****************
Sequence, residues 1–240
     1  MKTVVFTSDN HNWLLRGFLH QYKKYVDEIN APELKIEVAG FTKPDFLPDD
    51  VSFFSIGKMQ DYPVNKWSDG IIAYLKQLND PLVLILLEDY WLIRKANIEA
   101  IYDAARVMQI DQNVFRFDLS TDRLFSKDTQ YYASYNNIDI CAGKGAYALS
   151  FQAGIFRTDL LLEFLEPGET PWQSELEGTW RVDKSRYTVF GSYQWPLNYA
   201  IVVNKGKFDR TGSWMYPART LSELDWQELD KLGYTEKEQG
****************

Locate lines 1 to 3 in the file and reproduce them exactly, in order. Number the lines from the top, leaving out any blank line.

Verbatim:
Sequence, residues 1–240
     1  MKTVVFTSDN HNWLLRGFLH QYKKYVDEIN APELKIEVAG FTKPDFLPDD
    51  VSFFSIGKMQ DYPVNKWSDG IIAYLKQLND PLVLILLEDY WLIRKANIEA